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Getting the best out of GP and other health appointments

When someone is diagnosed with dementia, or seeking a diagnosis, they are likely to have a number of appointments with their GP, memory clinic and other healthcare professionals.

Our guide will help you get the most from these consultations.

It is a good idea to prepare for your appointment to ensure you get the most out of your time with the healthcare professional.

  • If there is a particular GP you would like to see you can request this, although it may mean waiting longer for an appointment
  • Write down the most important things you want to discuss. If there are more than two or three things, you may wish to book a double appointment
  • Keep a record of any changes in symptoms or behaviour, including:
    • any concerns or worries you have
    • any new symptoms you have noticed: what they are, when they happen (dates/times)
    • any triggers you have noticed
    • any hearing, vision or balance problems
    • any other health issues
  • Make a list of any medications being taken, including prescribed medications, over-the-counter medications, vitamin supplements and natural remedies
  • Ask someone to accompany you – this may make you feel more comfortable, and they can share their own thoughts about the situation
  • If you need a chaperone or interpreter, inform the surgery in advance
  • What type of dementia has been diagnosed?
  • What symptoms/changes in behaviour might occur?
  • What treatments, if any, are available?
  • Are there any local support groups:
    • for the person with dementia – generally, and/or specific to their type of dementia?
    • for their family/carers, including children with a parent who has young onset dementia (where symptoms develop before the age of 65)?
  • Who will the person have appointments with going forward?
  • Where will you see them, and how often?
  • Who will book these (ie will the clinic send a letter with appointment details or do you need to phone and book appointments yourself)?
  • Are there any local services that offer support with practical, social, financial and legal matters? Our Helpline and clinics can also offer support with this
  • Make notes of important information, or ask someone to do this for you. You can record the conversation on your phone, but do tell the healthcare professional that you are doing this
  • Do not be afraid to ask the healthcare professional to explain anything you do not understand, or repeat anything you do not hear clearly
  • If the professional recommends any websites, support groups or other services, ask them to write down the details
  • Ask if you can receive a copy of any letters that will be sent to other health or social care professionals – this is your right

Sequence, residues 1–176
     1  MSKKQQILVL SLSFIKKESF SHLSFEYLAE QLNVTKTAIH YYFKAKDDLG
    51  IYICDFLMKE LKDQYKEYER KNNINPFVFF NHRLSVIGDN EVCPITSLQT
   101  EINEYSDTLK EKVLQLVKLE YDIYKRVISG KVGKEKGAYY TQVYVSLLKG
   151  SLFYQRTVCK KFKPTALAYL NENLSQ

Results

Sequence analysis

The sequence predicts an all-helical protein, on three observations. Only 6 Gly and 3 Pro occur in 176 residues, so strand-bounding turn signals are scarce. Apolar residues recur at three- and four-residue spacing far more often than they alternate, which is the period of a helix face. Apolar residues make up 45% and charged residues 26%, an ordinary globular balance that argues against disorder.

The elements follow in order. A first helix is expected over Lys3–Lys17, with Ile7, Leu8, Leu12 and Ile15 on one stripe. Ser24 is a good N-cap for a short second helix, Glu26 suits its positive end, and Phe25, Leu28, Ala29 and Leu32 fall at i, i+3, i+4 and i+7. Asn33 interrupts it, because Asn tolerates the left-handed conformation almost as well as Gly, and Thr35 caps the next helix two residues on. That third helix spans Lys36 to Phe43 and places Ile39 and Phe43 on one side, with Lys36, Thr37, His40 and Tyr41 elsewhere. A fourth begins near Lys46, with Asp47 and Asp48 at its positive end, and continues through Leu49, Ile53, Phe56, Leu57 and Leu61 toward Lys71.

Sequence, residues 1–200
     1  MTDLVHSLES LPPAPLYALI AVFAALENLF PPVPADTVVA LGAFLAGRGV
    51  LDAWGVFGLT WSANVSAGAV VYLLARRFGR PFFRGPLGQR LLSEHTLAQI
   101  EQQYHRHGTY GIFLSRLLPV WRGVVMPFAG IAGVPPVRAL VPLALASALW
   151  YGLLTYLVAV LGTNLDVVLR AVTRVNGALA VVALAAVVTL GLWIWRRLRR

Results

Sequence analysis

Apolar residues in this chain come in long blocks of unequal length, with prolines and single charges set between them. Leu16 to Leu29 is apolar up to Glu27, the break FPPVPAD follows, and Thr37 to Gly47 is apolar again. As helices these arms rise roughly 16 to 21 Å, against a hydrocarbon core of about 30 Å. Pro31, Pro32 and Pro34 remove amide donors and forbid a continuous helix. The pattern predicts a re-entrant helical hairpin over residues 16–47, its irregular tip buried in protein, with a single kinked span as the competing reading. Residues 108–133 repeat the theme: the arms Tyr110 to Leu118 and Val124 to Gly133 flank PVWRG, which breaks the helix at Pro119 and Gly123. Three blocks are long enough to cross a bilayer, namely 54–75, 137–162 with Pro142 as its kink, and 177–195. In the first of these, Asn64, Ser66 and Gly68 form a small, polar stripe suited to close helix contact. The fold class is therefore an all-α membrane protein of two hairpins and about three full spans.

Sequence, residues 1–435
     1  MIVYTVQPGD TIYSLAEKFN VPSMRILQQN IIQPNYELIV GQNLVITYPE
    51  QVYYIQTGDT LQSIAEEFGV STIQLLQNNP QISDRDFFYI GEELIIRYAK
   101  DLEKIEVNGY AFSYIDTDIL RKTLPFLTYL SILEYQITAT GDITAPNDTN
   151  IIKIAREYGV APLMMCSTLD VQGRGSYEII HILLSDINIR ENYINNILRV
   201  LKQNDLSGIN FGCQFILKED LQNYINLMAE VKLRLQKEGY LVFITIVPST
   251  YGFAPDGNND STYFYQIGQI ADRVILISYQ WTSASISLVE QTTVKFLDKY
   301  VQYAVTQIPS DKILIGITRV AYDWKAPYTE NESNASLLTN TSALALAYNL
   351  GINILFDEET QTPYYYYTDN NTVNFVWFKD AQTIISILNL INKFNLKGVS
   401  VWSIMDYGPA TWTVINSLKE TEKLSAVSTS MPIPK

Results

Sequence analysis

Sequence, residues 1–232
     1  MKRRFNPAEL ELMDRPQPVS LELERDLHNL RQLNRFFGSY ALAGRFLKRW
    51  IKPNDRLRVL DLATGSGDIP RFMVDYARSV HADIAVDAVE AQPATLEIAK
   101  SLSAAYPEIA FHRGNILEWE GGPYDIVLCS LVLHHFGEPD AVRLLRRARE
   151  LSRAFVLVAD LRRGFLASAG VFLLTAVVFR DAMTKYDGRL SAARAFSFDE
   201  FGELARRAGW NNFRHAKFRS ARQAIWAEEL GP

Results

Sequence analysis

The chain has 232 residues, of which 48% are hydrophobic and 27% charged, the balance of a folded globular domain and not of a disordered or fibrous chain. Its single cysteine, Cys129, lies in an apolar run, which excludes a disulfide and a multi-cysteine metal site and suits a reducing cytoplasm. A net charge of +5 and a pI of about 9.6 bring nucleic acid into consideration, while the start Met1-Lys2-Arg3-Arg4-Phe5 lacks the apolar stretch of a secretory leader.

• Before you leave, check that you have asked all the questions on your list and make sure you understand what will happen next, eg when the next appointment will be
  • Write down what you discussed and what happens next
  • Make a note of anything you still don’t understand so you can look it up or ask at the next appointment
  • Book any further appointments or tests and write them in your diary

There is often a great deal of information to take in at healthcare appointments, and lots of different names, dates and places to remember.

Our practical guide to getting the most out of GP and other health appointments has space for you to record these important details. You can download a copy to fill in.

If you are living with dementia, you may wish to give your GP or specialist permission to share information about your care with other people.

If you would like a family member or close friend to be kept informed, ensure the professional has their contact details. They can also register with the surgery as your ‘medical proxy’ or ‘trusted person’ which means they can speak to the GP on your behalf to discuss your treatment and support. There is more information in our guide to online GP services.

You can also consent to the GP or specialist sharing information with other health and social care professionals.

It is important to make a lasting power of attorney (LPA) for health and welfare, which enables a nominated person/people to make decisions about your care if you lose the mental capacity to make them yourself.

It is common for many health appointments to take place remotely, by phone or video call. You can use the tips in this guide during these appointments too, and refer to our information on getting the most out of remote consultations.

Face-to-face appointments will be offered if physical examinations or tests are needed.

If you are offered a remote appointment and would prefer to see a professional in person, you can request this although you may have to wait longer.

Book an appointment with an Admiral Nurse

Our virtual clinics give you the chance to discuss any questions or concerns with a dementia specialist Admiral Nurse by phone or video call, at a time that suits you.

Make an appointment